2020 Accessibility & Disability Section Leadership Candidates

We are pleased to present a strong and full slate of candidates for the 2020 election! In this election, the Accessibility & Disability Section will select a vice chair, four (4) steering committee members, and an early career member.

Vice Chair / Chair Elect (3-year term as Vice Chair, Chair, and Immediate Past Chair)

Jessica Chapel
Librarian/Archivist for Digital Projects, Harvard Law School Library

Biographical Statement

Jessica Chapel is the Librarian/Archivist for Digital Projects in the Harvard Law School Library (HLSL). Before joining HLSL, Jessica worked as a writer, editor, and digital media producer. She received her MS in library and information science from Simmons University in January 2019. Jessica is an active member of New England Archivists and the SAA. She co-led the formation of the Archival Workers Emergency Fund and is chair of the AWE Fund's review committee.

Candidate Statement

Serving on the ADS steering committee in the section's inaugural year has been one of the most rewarding experiences of my career. Our section may be new, but it's already had an impact on the archival field through our efforts to raise awareness about the importance of access and expand the understanding of archival work to encompass remote labor. I see this section continuing to lead on initiatives that engage on issues of equity, accessibility, and disability representation. As ADS vice chair, I'm committed to working collaboratively and creatively to build on the successes of our section and address the needs of our professional community.

Steering Committee (2-year term, 4 positions available)

Ingi House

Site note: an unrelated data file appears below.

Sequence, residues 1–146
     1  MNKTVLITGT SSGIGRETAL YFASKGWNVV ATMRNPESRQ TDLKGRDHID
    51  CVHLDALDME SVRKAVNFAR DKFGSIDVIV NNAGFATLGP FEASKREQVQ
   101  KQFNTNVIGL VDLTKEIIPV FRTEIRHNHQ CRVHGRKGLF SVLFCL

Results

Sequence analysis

Director, National Archives Denver

Biographical Statement

Ingi House is the new Director of the National Archives at Denver. She is returning to NARA from the Defense POW/MIA Accounting Agency (DPAA), where she managed DPAA's District of Columbia Knowledge Management and Archives. Among her many duties, she provided advice on the management and organization of information and ensured records were preserved, maintained, and properly disposed of following established guidelines. Prior to her work with DPAA, Ingi was an archivist at the National Archives at San Francisco and an archivist with the U.S. Navy Seabee Museum in Port Hueneme, California. She has also worked at the Defense Acquisition University and various other libraries and archives.

Ingi has a Bachelor of Science in History from the University of Kansas and a Master of Library Science from Emporia State University.

Candidate Statement

As a person with mental disabilities, including dyslexia and anxiety disorders, promoting and making sure the various-abled community is seen and understood is hugely important to me. I have been on several panels and have written, both professionally and personally about my struggles and successes with having an 'invisible' disability. Within the archive community disabled professionals are not often talked about, let alone seen. I would love to work with a group of people that realize that talking about what makes us unique and different is the first step in working towards a more inclusive profession.

Bridget Malley
Librarian, Seton Hill University;
Contract Worker, Western PA Disability History & Action Consortium

Biographical Statement

Bridget Malley is (as of May 2020, anyway) a librarian/archivist on hold and a contract worker with the Western Pennsylvania Disability History and Action Consortium (WPDHAC). In the latter role, she's worked with disability advocates, archivists, curators, and educators to preserve and share regional disability history. She is also part of the organizing group for the Archival Workers Emergency Fund.

Candidate Statement

During this next year, I'd like to help guide efforts to highlight disability in the historic record. It's something we've only touched on briefly thus far! Another (ongoing) goal I have for the A&D section: That we may serve as a central resource for information on how to make physical and digital spaces, records, and professional presentations accessible - and why it's necessary! I'd love it if "Have you checked out the A&D section's resources?" becomes a popular suggestion, regardless of whether accessibility is the key thing a person's working on.

Regardless, I'm proud of all we've accomplished thus far and am excited to see where we go in the next year of our section's existence!

Emily Mathay